Take avocados for example. Prior to NAFTA, California was the main producer of avocados. However, avocado farms were susceptible to seasonality. Americans only ate around 1.5 pounds of avocados each year. This number has now reached 7 pounds in the post-NAFTA world, with 75% supplied by Mexico. The trade agreement is responsible for putting avocados on the map of American cuisine today. Trump’s possible repeal of NAFTA would restrict avocado imports, causing a significant decrease in supply, which will lead to skyrocketed prices of an already high-priced good. On a macroeconomic scale, Trump’s protectionist policies will send a message to the rest of the world that America is stepping away from globalization and placing barriers on international trade at the expense of American consumers.

Avocado was likely extra (@realDonalTrump, Twitter)
Avocado was likely extra (@realDonalTrump, Twitter)

Selling to the Hegemon

It’s true NAFTA failed to alleviate some key issues of Mexico’s economy, such as labor minimum wages and drug cartels. It’s estimated that 1.9 million people in the agricultural sector lost their jobs and 4.9 million families were displaced due to an inflow of subsidized American crops. Despite this, NAFTA is undoubtedly the reason for Mexico’s immense trade expansion over the past 20 years. Mexico currently depends on American imports for a third of its income through the $316 billion worth of goods and services it exports to the US. Mexico’s ability to compete in the global market has been greatly strengthened since signing NAFTA, and it has even become the biggest car maker in Latin America as of 2014.

In the agricultural sector, many struggled as American crops flooded Mexican markets. But avocado farms in Mexico remained steady. Mexico has the perfect climate for harvesting avocados and has thrived off of the US’s recent avocado obsession. But this high demand comes with high costs. Avocado farming is responsible for a rapid increase in deforestation and an unprecedented use of water.

Not only do Mexican farmers have to provide to avocado-loving Americans, but many other countries have shown an interest in the fruit. Mexican exports to China alone have increased by about 200% annually. In order to meet this demand, avocado farmers in Mexico have contributed to a loss of 690 hectares of forest a year in order to provide room and sunlight for thriving avocado trees. Avocado orchards use twice as much water as a dense forest considering that each pound of avocado requires 272 liters of water (for comparison, tomatoes only use 34). What’s more, the lucrative crop has attracted the attention of Mexican drug cartels, who exploit avocado farmers for a share in the profits.Regardless of whether or not Trump is successful in repealing NAFTA, Mexico must work towards making avocado harvesting more environmentally and socially sustainable if it hopes to continue its mass production for years to come.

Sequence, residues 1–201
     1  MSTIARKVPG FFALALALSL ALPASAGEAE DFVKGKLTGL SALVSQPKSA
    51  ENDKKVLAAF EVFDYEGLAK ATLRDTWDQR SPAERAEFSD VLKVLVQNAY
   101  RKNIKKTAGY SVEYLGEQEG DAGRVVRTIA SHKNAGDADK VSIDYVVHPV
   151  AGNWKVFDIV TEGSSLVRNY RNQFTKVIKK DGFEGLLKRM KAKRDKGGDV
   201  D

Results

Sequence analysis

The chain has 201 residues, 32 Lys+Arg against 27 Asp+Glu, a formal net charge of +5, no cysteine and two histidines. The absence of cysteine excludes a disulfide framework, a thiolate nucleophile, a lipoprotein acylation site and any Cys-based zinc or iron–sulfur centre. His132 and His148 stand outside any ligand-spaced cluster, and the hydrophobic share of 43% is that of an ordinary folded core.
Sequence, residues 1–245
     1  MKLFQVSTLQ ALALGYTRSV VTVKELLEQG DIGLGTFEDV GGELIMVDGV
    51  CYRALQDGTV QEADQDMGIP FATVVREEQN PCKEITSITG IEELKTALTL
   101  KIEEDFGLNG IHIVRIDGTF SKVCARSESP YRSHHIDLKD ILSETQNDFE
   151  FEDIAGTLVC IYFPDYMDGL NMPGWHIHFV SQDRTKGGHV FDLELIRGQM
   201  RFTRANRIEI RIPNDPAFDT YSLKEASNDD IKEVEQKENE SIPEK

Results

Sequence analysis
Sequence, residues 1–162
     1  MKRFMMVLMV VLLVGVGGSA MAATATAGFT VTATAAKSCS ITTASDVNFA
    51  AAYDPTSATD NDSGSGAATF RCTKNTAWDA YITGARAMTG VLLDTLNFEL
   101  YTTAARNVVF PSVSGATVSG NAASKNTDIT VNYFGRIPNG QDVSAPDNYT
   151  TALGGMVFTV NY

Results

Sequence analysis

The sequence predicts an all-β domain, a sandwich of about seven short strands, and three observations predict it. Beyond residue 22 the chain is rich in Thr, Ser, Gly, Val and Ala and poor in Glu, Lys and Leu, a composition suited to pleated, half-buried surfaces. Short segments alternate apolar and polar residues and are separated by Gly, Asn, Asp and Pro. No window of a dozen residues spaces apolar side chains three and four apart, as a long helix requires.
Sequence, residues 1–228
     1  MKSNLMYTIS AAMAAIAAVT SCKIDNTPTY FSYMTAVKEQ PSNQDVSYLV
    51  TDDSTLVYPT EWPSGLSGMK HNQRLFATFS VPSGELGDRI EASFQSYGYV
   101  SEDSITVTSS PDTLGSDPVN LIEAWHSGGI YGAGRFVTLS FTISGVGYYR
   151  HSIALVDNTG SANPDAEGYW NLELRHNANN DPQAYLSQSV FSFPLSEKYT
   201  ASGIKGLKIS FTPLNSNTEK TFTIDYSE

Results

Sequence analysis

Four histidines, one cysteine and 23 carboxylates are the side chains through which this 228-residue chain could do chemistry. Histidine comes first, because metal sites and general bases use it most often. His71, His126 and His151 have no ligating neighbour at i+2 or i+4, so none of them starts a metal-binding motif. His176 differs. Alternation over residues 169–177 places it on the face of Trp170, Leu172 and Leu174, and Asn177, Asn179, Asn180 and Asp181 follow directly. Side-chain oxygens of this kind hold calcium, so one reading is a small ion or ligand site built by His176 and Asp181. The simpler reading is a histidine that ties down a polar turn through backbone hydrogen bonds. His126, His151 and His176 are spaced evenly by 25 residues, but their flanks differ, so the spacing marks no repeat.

Overall, a high demand for Mexican goods has improved its economy immensely and created many jobs for the nation. If Donald Trump were to repeal the trade deal, it would lead to an abrupt end to the avocado boom, tragically affecting the agriculture sector that thrives off of the green gold’s success. More importantly, Mexican workers from all industries would become unemployed: Mexico relies on its Northern neighbor’s demands of Mexican products to fuel the economy. Unfortunately, thus far it seems Trump is immune to economic realities, and the future trade relationship between the two nations remains fragile and uncertain.

The views expressed by the author do not necessarily reflect those of the Glimpse from the Globe staff, editors or governors.


Tess Murray

Tess Murray is a senior majoring in International Relations and Global Business and minoring in Accounting at the University of Southern California. Tess has spent time in Madrid, Spain and Beijing, China studying different educational systems. Tess’ research interests include human rights, the political economy of the developing world, European foreign policy and business. On campus, Tess was the Vice President of Advocacy for the Residential Student Government, a member of Teaching International Relations Program and a member of the National Residence Hall Honorary. She has studied both Spanish and Mandarin.